Thursday, June 9, 2011

"Glee" and Atheists In Popular Culture

Today, I re-watched an old episode of the Fox TV show "Glee". This was the third episode of the second season entitled "Grilled Cheesus". This episode focused on religion and the role of religion in the lives of the characters.

First of all, I think this was a great topic. I in no way oppose public discussion of religion and faith in general. Exposing kids to the issues and viewpoints at hand isn't a bad idea. I also (generally) approve of the Glee approach. Glee always presents its story in an exaggerated and satirical way, which often lightens up what would otherwise be rather heavy. 

As is to be expected, I did have some problems with this episode. These problems happen to be the same ones I have with almost every popular reference to atheists. I feel that the non-religious are often misrepresented, though I can almost understand this considering that "nonreligious" is a very broad term. I felt that, in this Glee episode, the religious characters were portrayed realistically and used arguments that I hear used often by theists. The atheist characters, however, we the typical atheist stereotypes who cite present or past trauma as reasons for their unbelief. The two atheists in the show, Sue and Kurt, both assert that their personal issues led to their lack of faith, Sue with her sister and Kurt with the fact that he felt persecuted for being a homosexual. While some atheists may have lost faith over experiences such as these, they are rarely the only reasons. Furthermore, such stereotypes only perpetuate the idea that atheists are inherently bitter, grumpy or angry people. Anyone who believes this needs to spend more time with atheists.

I also took issue with the fact that both Sue and Kurt busted their butts to silence the theists in the story. Again, this only perpetuates some very, very bad misconceptions. There are no laws against being openly religious in the public schools. The schools themselves simply cannot promote religiosity. In the case of the Glee club, the children were the ones choosing the songs and the religious pieces were performed for artistic, rather than promotional, reasons. This would have been just fine in American public schools. Yet the both the school and the atheists in Glee appeared to be persecuting the religious characters, something that only happens in the minds of the fundamentalists.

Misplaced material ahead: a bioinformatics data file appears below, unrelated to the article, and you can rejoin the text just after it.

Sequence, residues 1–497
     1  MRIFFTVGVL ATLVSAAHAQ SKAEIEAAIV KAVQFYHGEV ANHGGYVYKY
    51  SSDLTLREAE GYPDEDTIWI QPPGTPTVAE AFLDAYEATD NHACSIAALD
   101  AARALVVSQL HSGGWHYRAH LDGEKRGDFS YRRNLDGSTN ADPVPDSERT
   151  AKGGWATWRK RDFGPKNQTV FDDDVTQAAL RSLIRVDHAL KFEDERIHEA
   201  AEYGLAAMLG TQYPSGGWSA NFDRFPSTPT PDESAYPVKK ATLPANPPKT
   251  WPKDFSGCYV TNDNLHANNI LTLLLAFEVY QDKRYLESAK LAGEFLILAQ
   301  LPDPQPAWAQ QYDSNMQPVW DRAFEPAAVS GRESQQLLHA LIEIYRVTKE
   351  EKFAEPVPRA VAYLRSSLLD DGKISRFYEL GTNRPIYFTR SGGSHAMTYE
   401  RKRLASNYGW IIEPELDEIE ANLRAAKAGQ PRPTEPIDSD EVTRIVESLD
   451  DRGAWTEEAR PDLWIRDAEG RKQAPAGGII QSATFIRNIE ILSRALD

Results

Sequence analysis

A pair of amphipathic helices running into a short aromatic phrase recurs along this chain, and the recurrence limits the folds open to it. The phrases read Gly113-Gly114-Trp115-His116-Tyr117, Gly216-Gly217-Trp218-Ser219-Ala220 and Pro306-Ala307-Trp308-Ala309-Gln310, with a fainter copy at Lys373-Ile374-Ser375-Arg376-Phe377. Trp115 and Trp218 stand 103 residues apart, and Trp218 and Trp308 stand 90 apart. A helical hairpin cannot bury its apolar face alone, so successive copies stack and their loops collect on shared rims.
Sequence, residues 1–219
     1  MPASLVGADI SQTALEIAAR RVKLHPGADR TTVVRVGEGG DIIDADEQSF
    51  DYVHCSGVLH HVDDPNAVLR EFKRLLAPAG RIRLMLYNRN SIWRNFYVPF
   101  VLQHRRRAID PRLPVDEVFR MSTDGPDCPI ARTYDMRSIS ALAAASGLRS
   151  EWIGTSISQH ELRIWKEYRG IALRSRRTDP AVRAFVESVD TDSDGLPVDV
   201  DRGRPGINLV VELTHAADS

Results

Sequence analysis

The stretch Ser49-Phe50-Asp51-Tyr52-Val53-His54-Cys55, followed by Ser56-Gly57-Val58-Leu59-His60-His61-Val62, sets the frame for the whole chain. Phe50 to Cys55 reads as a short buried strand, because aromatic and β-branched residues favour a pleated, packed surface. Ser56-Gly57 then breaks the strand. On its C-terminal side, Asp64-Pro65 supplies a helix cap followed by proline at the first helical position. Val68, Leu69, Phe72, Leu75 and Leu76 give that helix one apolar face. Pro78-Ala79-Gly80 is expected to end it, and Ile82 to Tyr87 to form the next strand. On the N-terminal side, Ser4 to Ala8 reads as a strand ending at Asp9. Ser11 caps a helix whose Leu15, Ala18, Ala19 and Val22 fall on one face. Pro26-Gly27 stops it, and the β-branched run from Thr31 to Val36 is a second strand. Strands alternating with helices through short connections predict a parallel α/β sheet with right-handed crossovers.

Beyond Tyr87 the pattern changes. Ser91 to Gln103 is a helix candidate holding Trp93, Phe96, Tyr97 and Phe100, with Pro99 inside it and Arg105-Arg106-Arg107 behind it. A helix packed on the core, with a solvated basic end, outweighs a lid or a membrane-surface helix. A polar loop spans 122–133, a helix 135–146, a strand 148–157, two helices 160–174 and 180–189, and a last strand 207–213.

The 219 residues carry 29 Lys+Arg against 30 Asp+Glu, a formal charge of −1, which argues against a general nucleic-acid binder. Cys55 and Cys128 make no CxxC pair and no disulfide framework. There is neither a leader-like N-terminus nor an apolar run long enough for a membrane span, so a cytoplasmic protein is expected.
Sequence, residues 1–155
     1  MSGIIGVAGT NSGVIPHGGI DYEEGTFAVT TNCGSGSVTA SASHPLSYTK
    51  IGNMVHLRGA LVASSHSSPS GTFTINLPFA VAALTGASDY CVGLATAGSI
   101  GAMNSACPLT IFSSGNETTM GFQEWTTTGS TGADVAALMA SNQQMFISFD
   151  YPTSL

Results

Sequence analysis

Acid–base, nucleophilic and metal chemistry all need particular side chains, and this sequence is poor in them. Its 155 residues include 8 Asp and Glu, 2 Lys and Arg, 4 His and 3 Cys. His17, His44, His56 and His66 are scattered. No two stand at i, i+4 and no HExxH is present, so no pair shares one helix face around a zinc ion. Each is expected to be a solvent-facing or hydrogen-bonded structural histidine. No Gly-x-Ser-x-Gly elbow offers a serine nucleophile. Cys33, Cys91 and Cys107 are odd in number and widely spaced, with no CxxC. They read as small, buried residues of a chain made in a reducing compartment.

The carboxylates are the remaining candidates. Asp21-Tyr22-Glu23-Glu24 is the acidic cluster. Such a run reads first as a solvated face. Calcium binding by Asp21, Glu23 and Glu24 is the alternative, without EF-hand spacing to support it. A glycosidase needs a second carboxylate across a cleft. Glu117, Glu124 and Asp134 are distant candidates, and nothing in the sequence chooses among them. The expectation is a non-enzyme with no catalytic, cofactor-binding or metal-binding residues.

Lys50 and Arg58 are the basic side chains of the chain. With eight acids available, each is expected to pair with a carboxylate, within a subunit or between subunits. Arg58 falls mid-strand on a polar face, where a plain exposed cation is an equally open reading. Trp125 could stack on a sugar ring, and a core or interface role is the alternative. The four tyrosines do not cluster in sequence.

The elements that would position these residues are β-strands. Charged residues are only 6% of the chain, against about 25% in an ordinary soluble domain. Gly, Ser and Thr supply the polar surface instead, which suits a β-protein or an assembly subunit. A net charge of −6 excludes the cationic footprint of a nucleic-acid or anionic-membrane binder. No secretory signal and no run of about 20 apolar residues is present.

It also bothered me slightly that Kurt was portrayed during the church scene as being rather ignorant of Christianity (he crosses himself in a baptist church). Statistically, many people who choose to reject religious teaching don't do so blindly. Many of them are indeed familiar with the rituals and teachings of the various religions. In some cases, that knowledge is what led to their lack of belief. I was also irritated by the fact that Mercedes virtually chastised Kurt for not "believing in something greater" after Kurt specifically said that he drew comfort from strong people such as his father. 

Don't get me wrong, I love Glee and I think that the topic was a good one. I just wish that the nonbelievers in the group had been portrayed less as angry victims and more as people who acquire peace and hope from the world around them rather than a world beyond. In the end, I think it's safe to say that we have the same struggles as everyone else, we just choice to deal with them differently. Should not our methods be given a fair representation?

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